Monday, June 11, 2018

Another kind of tulip

Drawing of tulip tree flower and leaves
June days in all their glory bring a new pleasure—the tulip tree flower.  The tulip or tulip poplar tree, Linodendron tulipfera, is a giant tree that often grows to more than 100 feet tall.  Although it is called a poplar, it is in fact in the magnolia family.  It is a fast-growing hard wood tree with wood that can be used for furniture, flooring, and even house building and siding.  I was delighted to come across one of these giants in Riverside Park near 79thstreet.  I bent my head back and saw that it was filled with flowers—the flowers range from yellow to light green with orange segments in the middle as you can see in my drawing above.  Flowers first appear when the tree is a pre-teen or young teen of somewhere between ten and fifteen years of age.  It can be hard to see the flowers because they are up quite high, but it is a real treat to come across them.  There is a large stand of close to twenty huge tulip trees in the walkway leading to the LuEsther T. Mertz Library at the New York Botanical Garden-- by the way one of the world’s biggest botanical libraries and worth a visit for its amazing holdings and the tulip trees that line the way to it.  After the trees bloom, many of the flowers drop and can be found on the ground and looked at in more detail.  The tree actually gets its name because of the resemblance between tulip flowers and tulip tree flowers.  The flowers produce about a tablespoon of nectar per flower.  Bees love the nectar and beekeepers love the poplar honey that is produced—strong tasting, healthy, and delicious.  The flowers have also been made into an ointment to treat burns and other skin ailments.  

The bark of the tulip tree at one time was thought to have a medicinal value as well.  The bark was boiled in water and the tea produced was used to treat typhoid and malaria as an alternative to quinine.  The inner bark was used to treat rheumatism and arthritis as was the bark from some of the other trees in the magnolia family.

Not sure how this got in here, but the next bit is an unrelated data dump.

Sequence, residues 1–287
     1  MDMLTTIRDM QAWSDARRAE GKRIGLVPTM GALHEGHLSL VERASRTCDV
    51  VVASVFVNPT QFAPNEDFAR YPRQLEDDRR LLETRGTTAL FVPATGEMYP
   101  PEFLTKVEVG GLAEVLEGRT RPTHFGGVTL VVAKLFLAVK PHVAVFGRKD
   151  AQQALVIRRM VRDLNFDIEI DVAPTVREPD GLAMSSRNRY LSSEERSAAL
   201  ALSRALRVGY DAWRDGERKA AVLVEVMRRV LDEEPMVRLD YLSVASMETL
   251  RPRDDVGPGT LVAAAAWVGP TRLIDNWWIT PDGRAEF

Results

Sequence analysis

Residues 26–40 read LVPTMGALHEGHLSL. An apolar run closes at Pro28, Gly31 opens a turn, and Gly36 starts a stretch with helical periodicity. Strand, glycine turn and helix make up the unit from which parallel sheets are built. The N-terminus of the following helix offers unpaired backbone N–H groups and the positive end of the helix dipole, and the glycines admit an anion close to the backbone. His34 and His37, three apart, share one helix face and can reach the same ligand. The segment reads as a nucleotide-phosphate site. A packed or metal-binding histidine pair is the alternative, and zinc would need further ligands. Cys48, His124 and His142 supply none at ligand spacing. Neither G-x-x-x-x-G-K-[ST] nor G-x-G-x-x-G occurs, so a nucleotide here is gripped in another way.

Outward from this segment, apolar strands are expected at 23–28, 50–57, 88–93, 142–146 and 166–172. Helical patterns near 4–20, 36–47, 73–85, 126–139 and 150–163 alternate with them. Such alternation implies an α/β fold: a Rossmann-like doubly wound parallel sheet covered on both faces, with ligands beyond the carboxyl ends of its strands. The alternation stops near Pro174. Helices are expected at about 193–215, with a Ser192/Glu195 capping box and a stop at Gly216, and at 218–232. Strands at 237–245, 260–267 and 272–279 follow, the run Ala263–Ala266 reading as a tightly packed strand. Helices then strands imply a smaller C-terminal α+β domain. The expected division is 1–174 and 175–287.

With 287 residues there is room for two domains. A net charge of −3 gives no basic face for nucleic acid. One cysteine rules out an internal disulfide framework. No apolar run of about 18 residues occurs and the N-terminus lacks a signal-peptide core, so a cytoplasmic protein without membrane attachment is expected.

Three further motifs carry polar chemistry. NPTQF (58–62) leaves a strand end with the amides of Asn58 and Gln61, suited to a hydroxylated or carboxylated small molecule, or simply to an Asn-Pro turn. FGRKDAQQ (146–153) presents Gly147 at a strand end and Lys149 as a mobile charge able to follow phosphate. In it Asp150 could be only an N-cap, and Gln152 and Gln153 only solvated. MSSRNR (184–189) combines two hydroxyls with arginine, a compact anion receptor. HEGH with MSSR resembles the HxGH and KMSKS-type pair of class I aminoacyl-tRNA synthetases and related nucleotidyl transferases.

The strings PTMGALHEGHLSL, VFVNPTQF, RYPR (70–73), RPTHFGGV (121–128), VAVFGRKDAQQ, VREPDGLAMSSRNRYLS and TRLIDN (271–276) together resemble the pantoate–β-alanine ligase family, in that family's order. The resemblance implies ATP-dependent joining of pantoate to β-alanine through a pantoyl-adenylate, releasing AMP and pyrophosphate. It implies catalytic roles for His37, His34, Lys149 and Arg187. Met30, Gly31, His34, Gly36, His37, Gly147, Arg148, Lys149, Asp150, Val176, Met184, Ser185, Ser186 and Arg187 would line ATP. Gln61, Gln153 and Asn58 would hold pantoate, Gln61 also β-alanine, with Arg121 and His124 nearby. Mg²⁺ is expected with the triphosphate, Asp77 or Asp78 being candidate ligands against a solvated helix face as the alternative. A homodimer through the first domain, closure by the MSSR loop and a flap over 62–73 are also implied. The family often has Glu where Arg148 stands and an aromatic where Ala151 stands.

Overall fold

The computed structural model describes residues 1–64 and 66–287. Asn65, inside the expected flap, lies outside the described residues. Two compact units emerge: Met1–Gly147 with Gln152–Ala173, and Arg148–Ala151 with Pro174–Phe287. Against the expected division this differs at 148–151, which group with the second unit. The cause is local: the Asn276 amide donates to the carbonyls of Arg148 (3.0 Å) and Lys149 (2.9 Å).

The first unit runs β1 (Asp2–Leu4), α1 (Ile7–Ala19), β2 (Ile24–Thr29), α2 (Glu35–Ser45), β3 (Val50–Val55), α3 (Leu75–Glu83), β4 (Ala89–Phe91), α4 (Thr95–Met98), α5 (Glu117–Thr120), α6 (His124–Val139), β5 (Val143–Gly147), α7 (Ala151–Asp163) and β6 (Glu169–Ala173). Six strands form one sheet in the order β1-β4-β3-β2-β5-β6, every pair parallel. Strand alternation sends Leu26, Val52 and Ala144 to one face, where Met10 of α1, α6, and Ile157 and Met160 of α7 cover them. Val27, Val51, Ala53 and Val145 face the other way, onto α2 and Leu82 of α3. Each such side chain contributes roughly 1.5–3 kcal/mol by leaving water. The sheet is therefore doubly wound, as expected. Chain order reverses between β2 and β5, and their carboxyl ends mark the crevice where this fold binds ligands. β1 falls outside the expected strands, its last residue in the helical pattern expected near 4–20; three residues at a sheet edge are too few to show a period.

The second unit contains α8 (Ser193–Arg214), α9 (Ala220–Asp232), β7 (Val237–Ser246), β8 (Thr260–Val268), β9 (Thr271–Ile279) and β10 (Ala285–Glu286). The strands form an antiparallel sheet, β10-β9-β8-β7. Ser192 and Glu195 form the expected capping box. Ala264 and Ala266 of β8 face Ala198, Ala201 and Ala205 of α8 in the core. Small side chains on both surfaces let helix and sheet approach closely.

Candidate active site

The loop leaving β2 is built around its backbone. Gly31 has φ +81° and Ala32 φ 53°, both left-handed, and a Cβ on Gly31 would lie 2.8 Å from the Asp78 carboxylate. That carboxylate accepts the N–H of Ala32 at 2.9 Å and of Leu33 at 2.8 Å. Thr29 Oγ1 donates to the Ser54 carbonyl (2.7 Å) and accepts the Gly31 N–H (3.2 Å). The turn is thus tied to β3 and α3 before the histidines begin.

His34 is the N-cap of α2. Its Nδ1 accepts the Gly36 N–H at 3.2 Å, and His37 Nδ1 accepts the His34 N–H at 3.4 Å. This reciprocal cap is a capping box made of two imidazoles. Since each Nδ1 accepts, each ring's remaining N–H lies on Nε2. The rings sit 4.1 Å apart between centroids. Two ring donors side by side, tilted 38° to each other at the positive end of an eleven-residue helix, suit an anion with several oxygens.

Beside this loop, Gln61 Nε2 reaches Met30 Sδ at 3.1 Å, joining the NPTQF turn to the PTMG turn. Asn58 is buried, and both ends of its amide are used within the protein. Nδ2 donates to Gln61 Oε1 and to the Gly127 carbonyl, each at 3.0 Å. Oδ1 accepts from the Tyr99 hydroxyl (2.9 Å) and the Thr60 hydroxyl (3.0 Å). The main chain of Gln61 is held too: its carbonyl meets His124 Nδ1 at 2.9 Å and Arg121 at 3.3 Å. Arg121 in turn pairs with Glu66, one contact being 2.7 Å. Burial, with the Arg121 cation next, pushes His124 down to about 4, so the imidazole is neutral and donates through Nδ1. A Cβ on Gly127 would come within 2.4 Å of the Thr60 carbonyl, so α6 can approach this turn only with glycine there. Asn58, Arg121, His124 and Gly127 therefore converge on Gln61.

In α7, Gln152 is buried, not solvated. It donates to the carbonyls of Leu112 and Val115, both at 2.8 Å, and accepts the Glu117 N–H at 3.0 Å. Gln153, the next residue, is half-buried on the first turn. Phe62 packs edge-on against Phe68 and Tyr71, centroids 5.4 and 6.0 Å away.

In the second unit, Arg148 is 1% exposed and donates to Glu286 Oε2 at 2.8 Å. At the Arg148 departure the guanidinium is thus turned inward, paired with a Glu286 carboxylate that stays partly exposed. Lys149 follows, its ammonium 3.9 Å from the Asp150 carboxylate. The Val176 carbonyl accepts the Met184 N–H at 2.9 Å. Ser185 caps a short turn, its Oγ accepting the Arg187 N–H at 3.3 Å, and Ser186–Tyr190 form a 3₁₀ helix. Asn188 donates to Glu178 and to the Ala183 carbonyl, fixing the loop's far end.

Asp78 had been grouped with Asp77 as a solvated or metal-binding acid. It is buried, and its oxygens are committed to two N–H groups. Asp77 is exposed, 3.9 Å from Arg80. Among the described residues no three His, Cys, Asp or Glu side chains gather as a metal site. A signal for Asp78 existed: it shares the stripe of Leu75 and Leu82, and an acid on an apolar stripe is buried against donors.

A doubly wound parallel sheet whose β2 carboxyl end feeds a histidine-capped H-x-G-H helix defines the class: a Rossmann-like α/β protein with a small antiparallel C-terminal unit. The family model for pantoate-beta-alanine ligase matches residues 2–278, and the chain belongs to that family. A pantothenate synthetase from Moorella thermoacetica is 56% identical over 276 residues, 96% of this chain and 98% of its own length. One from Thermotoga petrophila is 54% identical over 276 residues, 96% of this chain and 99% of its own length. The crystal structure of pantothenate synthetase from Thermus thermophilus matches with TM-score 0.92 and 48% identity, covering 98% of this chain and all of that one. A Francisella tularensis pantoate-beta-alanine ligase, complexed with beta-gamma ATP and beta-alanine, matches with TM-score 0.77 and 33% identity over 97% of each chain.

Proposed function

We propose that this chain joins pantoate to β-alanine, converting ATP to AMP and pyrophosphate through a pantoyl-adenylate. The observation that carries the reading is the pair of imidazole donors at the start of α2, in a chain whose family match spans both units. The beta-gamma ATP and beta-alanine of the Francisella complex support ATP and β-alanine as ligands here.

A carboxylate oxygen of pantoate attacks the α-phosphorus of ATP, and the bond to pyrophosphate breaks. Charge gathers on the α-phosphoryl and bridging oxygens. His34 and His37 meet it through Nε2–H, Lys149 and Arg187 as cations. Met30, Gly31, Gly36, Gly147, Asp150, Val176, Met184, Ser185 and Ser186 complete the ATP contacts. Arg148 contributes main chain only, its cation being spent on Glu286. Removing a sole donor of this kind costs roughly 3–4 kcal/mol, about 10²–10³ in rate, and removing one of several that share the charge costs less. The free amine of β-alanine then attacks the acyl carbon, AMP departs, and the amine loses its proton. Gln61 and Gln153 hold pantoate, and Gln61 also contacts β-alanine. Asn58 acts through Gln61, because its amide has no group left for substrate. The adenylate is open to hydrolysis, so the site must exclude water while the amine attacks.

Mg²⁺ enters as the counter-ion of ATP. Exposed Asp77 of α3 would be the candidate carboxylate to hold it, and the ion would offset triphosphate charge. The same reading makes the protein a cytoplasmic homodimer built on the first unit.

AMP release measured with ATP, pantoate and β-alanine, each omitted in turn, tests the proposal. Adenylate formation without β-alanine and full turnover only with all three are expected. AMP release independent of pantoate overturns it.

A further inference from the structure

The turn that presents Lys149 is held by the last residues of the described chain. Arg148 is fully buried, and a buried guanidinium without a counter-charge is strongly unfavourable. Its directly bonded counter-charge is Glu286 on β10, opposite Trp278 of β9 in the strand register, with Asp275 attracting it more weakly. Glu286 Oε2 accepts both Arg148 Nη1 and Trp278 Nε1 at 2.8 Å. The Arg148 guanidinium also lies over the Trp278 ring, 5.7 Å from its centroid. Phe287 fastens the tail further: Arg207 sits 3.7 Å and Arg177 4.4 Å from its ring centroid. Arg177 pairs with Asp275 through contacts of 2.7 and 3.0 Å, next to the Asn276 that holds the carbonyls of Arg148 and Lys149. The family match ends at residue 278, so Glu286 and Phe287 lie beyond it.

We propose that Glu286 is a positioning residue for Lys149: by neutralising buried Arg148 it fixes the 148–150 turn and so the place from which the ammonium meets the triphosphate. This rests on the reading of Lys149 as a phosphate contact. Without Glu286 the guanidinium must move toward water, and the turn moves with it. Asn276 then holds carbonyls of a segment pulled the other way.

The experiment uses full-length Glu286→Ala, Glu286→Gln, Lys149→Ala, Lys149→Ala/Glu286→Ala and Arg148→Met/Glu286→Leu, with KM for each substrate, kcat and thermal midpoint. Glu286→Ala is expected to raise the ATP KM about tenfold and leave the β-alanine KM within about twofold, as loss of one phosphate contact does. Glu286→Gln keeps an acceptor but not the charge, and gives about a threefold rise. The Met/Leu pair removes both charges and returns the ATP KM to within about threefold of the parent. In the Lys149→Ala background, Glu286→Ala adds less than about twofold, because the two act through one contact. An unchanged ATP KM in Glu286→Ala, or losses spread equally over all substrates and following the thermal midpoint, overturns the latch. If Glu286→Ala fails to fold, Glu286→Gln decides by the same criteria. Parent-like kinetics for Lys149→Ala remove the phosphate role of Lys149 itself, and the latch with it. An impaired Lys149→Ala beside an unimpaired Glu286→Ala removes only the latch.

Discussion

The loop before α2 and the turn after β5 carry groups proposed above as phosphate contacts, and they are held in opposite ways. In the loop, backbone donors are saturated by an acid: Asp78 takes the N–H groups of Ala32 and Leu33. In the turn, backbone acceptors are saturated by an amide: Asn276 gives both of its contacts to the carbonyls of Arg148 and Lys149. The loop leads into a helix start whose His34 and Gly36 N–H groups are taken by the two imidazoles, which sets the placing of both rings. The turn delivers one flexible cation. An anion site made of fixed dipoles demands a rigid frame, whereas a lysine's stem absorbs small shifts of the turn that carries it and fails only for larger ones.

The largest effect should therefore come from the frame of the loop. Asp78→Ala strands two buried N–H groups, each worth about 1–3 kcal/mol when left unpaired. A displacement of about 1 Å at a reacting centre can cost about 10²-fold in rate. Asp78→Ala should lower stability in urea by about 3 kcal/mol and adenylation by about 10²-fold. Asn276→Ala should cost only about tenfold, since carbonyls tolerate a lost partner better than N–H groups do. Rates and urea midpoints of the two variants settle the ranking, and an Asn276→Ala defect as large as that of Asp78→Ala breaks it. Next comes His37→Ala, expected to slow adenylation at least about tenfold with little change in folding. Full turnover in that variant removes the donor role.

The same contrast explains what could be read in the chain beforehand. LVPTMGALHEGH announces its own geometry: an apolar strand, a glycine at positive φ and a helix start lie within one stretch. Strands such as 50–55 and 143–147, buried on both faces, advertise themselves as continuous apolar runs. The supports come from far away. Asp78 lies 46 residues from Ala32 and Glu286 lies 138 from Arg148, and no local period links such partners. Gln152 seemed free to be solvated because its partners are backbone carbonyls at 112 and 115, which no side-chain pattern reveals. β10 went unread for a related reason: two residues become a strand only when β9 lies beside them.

As far as we know, the oldest living tulip tree, the Queens Giant, is in Alley Pond Park in Bayside, Queens, New York.  The tree is thought to be between 400 and 450 years old and it is over 134 feet tall with a girth of 18.6 feet.  Even though it is huge, it may not be easy to find and that is purposeful.  Former Parks Commisoner Adrian Benepe said, “There is something to be said leaving it in a bit of obscurity.  It’s part of the reason it has survived this long.  If everyone is attracted to it, it increases the chance of something bad happening to it.” If you happen to come upon it, you will see a sign that says: “It was standing tall when General George Washington passed close by in 1790 on a tour of Long Island, and it was most likely a young tree when the Dutch East India Company sent a group of Walloon families to Manhattan in 1624.”  Perhaps its longevity through the ups and downs, the tragedies and celebrations, the storms and weather changes can give us some hope, optimism, and beauty in these difficult times. 

Thursday, May 10, 2018

Historic Crabapples of New York

My watercolor of Riverside Park crabapple
Have you noticed cascades of small 5-lobed white, pink, or even sometimes magenta blossoms on trees in your backyards, parks, and gardens?  Spring is here along with the blooming of the flowering crabapples, Malus floribunda.  Riverside Park, the park closest to me, is filled with the delicate blossoms crabapples and cherry trees, both members of the Rosaceae or rose family.  You can tell the crabapples by their bark with its vertical fissures.  If you get close to the blossoms, you will see that crabapples bloom in clusters of five and the blooms do not all open at the same time as you can see in my drawing—one has already dropped its petals, one is wide open, and the others are about to pop. If you remember where the crabapples are in your area, you will find the small apples in the same clusters of five—some will be red, some yellowish, and some close to rust colored in the early days of autumn unless the birds and squirrels have already feasted on them.  

The Crabapple Grove in Riverside Park and the crabapples in the Conservatory Gardens of Central Park as well as the Bruckman Crabapple Collection in the New York Botanical Garden are part of New York City history.  Many of them were planted in the 1930s and 1940s as part of the parks’ beautification projects under the federal Works Progress Administration under then Parks Commissioner Robert Moses.  What makes these crabapple trees special is their low hanging, gnarled, craggy, and multi-branched shapes, probably unlike more recently planted crabapple trees with their single stem (trunk) and higher branches.  The Riverside Park and Central Park heritage crabapples call out to artists and photographers and perhaps to poets as well.  By the way, I read that similar trees were planted in Clove Lakes Park and Silver Lake Park in Staten Island.  Sounds like it Is worth a trip to see them.